Beach is likely not the first word that comes to mind when you think of Vancouver. However, the city has nine beaches — eight by the ocean and one by Trout Lake. English Bay Beach is one of the most popular stretches of sand in the downtown area. Here, you can expect volleyball nets, kayak rentals, and umbrellas, plus a couple of distinctive attractions like a swimming raft with a slide and the Cactus Club Cafe. In addition to tasty appetizers, like hot wings and fried calamari, the sustainability-minded eatery also offers health-conscious dishes such as Alberta Angus beef steaks, Thai curry lingcod, and quinoa salad. English Bay Beach also has a reputation for being well-kept and clean, but since it’s Canada, that comes with the territory.
Sandlot may be the ultimate beach party cookout. The “urban island concept” restaurant was launched by James Beard Award-winning chef Spike Gjerde on the border of Harbor East and Fells Point in Baltimore. Food is served out of a 1968 Safari Airstream trailer and upcycled metal shipping containers, and the menu includes dishes like burgers, blue catfish fillets, and nachos covered in crab. Want a playful drink? How about a sand-gria or a rose vermouth slushy? While you can’t swim in the adjoining water, Sandlot has plenty of events on dry land: volleyball tournaments, live music, exercise classes, and lawn games. This year, Splash City Golf is setting up a driving range, so the club-swinging crowd can hit biodegradable balls into the harbor.
Visitors to Dubrovnik’s Old Town usually want to spend time surveying the medieval forts and Byzantine cathedral, but walk past the Lazareti, which was once a quarantine station, and you’ll find Banje Beach, a favorite spot for locals. Like many Mediterranean beaches, Banje looks out onto beautiful blue water. If you get tired of swimming, there are many other activities, including paddle boating, parasailing, and jet-skiing. The Banje Beach restaurant serves Dalmatian and Mediterranean dishes, like octopus salad and buffalo mozzarella with prosciutto. And if you decide to stay by the beach after the sun goes down, the restaurant turns into a nightclub with DJs. One note: Anyone who’s physically impaired should know that walking down stairs is the only way to reach the beach.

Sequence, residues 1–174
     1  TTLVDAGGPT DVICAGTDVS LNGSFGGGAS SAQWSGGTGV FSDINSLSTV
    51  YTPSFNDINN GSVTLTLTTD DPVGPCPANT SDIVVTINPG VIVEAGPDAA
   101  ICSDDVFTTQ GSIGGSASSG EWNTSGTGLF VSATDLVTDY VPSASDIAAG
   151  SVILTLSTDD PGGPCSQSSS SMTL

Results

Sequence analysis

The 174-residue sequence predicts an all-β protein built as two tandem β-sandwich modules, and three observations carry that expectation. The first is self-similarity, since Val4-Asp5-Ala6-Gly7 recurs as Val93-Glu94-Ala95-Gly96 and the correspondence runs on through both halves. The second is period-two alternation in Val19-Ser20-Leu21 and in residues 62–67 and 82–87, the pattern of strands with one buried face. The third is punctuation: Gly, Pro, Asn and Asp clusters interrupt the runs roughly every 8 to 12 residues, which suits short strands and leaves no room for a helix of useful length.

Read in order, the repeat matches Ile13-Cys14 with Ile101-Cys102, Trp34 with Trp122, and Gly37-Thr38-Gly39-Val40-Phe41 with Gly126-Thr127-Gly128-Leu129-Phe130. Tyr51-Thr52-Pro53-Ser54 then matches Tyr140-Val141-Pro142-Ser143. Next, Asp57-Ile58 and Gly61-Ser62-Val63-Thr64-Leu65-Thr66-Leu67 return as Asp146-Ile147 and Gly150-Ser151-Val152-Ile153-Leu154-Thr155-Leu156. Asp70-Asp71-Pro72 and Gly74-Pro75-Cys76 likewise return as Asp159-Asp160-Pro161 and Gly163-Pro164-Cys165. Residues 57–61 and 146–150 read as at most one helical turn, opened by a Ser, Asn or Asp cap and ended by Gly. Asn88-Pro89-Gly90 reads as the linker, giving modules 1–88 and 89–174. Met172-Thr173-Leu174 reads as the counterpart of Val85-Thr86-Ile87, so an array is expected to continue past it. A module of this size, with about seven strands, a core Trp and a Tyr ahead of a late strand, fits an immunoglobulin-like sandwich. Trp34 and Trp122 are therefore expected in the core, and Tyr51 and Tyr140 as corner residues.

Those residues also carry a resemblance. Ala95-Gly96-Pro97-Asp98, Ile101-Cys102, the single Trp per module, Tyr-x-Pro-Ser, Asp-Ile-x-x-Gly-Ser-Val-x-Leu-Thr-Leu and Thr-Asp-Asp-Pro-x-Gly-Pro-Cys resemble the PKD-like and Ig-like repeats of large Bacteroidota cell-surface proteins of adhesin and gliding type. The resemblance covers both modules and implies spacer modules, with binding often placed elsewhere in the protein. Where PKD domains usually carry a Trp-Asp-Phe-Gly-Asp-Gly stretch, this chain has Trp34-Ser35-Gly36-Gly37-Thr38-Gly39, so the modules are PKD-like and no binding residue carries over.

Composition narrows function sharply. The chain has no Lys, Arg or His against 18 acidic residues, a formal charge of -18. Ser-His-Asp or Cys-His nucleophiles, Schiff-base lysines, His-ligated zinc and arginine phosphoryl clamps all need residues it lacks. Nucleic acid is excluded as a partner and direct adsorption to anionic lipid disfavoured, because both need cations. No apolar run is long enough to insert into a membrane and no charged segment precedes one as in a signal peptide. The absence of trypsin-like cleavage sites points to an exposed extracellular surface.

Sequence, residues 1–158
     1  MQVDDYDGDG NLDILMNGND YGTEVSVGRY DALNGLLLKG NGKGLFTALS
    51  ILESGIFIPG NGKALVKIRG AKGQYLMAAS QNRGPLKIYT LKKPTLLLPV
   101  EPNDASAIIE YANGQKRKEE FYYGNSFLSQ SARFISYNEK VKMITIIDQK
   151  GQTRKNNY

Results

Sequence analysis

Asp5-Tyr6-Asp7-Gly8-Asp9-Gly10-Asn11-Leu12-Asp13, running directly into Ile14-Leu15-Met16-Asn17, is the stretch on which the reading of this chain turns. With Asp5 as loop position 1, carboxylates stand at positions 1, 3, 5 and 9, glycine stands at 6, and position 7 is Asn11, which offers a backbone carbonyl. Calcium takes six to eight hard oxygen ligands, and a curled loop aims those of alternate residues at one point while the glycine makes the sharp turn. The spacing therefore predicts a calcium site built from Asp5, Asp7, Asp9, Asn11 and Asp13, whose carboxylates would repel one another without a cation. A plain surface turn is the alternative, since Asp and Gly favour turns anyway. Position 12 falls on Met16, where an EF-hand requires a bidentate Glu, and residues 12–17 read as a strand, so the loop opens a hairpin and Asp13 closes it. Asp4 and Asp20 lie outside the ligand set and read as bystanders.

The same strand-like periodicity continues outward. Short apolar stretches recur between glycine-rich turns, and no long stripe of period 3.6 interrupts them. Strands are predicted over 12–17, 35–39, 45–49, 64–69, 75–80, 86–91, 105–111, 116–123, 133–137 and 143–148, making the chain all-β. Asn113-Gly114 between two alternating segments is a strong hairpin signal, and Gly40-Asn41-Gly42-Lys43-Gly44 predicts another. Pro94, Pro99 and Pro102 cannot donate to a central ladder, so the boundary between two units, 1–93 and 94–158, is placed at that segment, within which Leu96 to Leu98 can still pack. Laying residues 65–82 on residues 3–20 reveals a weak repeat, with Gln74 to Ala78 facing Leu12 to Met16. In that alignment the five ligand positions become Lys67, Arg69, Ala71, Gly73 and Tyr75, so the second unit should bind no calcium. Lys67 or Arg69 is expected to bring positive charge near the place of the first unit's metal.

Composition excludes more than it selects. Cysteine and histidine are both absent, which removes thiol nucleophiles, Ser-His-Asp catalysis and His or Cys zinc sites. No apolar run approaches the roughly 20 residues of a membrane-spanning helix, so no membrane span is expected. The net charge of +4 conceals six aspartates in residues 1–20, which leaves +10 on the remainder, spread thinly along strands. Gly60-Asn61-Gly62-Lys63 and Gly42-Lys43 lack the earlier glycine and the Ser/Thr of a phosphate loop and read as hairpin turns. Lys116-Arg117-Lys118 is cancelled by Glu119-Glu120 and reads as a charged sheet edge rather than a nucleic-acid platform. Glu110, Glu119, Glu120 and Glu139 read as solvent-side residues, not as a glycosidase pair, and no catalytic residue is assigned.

Most visitors to London probably don’t put the Docklands at the top of their must-see list. But that would be a mistake, as the riverfront and former docks are transformed into a beach each summer. Not only is the water open for swimming, but folks can also go paddleboarding and wakeboarding. Time it right and you might even catch a paddleboard or swimming tournament. Landlubbers can opt for a yoga class instead. The beach is free, and you can also rent wetsuits and boards.
The urban tundra known for its vanquishing Vikings also has beaches. Minneapolis’ Lake Calhoun (a.k.a Bde Maka Ska — its native American name) has three beaches around it: North Beach, Thomas Beach, and 32nd Street Beach. Which one you go to depends on if you have a family and if you want to be seen. Thomas Beach is for devoted sunbathers, while North Beach and 32nd Street Beach are a little more family-friendly and have nearby playgrounds. Activities are plentiful on and around the lake — fishing, canoeing, running, and cycling are all options. There’s even an archery range, though patrons need to bring their own arrows and targets. One minor limitation: There aren’t many restaurants on Lake Calhoun. If you’re looking for more options, Uptown, Minneapolis is a short walk away.